So you've put your film together, and you realize that some of your dialogue has some issues. Perhaps your script made sense on paper and on set, but now that you've cut it you realize that there are some lines missing. You need to add a line here or there, to clarify something or add emotional weight to a scene. Or perhaps you had a shooting day with difficult audio conditions (i.e. in a wind storm, near a construction site or airport, etc) and the dialogue you recorded on the shoot is not usable.
This is where ADR (Additional Dialogue Recording or Automated Dialogue Replacement) comes in. What you are trying to do with ADR is match the actor's performance as closely as possible. As a director, put yourself back in the scene when you shot it. What were you telling the actors? How were you approaching the scene? This kind of mind-set can help you (and the actors) get the best ADR performances.
ADR can be challenging for an actor – on set, an actor gets into a groove and rhythm, with the part and the shoot as a whole. ADR happens months, sometimes years after the shoot. You want your actor to feel comfortable and confident in the role, so do whatever you can to get them back to where they were when you filmed it.
ADR might seem like extra work, but it can be a very important part of post-production, and it makes a big difference with your finished film.
What they are saying about the Drive-In Horrorshow....
"10 out of 10"
"Drive-In Horrorshow delivers a visual feast of blood splatter
and clever storytelling."
"Drive-In Horrorshow takes the anthology and juices it fully with five unique stories that range from clever comedy to dark body horror."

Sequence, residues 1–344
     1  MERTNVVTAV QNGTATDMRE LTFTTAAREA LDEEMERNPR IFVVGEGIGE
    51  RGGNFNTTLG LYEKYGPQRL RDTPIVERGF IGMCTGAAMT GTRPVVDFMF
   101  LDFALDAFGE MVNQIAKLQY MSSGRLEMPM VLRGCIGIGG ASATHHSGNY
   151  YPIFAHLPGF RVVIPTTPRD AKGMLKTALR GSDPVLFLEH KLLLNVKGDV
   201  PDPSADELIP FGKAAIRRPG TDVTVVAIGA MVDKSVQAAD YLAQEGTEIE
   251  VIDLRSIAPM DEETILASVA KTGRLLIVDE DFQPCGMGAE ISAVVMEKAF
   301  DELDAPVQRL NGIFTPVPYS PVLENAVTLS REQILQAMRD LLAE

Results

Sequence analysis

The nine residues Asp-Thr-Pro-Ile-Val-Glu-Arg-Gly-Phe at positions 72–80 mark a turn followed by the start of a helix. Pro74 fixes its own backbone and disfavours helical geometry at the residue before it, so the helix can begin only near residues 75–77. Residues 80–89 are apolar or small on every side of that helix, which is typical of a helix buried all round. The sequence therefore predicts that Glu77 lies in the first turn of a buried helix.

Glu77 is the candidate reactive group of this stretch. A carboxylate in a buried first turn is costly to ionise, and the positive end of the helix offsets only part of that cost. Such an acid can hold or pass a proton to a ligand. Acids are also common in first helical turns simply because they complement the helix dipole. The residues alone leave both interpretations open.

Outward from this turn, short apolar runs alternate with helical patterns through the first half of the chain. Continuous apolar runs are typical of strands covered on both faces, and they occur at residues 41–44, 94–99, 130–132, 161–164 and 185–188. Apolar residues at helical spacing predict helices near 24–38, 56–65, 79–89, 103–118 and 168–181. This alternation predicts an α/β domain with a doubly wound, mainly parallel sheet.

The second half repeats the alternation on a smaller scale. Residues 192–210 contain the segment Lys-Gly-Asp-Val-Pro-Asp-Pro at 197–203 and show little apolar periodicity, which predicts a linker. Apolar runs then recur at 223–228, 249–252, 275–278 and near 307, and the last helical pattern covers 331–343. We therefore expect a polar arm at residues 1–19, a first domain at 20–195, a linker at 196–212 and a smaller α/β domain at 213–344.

"A well made anthology of short films."
"Highly recommended for those who want to confront the monsters under the bed of their childhood. And as always find them scary."
"The general tone of this film struck me, because I've seen real passion for the genre."
"This is a high recommend from me, very entertaining and obviously done by filmmakers who love the genre. Long live the horror anthology!"
"Drive in Horror Show is–WITHOUT A DOUBT–the greatest horror anthology since George Romero's Creepshow"
"I can't stop singing its praises."
"If you like horror anthologies pick this one up, there's something for everyone here."
"Every now and then a movie will come out that knocks you socks off and with its originality, creativity and magnetic appeal- well Drive in HorrorShow is that flick."
"With a solid lineup of 5 stories that range from the serious to seriously goofy, Drive-In Horrorshow is the perfect film for a Friday night. Or any night for that matter."
"A tasty little anthology in the vein of Creepshow or Trick 'r
Treat, Drive-In Horrorshow is a nifty treat of a film, well worth checking
"A cut above the rest and slice of incredible independent filmmaking."
"One of the most entertaining horror anthologies I have seen in
"The horror world is a fickle beast but Drive-In Horror Show manages to walk the lines of the subgenres without missing a beat. It's appeal reaches to horror fans of all types."
"Celebrates the long-lost beauty of the drive-in theater and all
its bloody glory."
"A slick five tale anthology film that was independently made
and a reminder of cool shit we used to see on late night TV when we
"A good throw back to the late night creature feature."
"Top notch effects that invoke fear and comedy at the same time.
I really really like this movie."
"The horror! But that's what he seeks."
"What motivated you and Michael Neel to make the transition from
candid interviews and political documentaries to ghoulish gore horror?"
"Wowzers! That really sounds like some good shit!"
*The Meat Man
*Pix From Fango
*Before You Start
*Choosing a DP
*Props and Art Direction
*Before you shoot
From the makers of Drive-In Horrorshow
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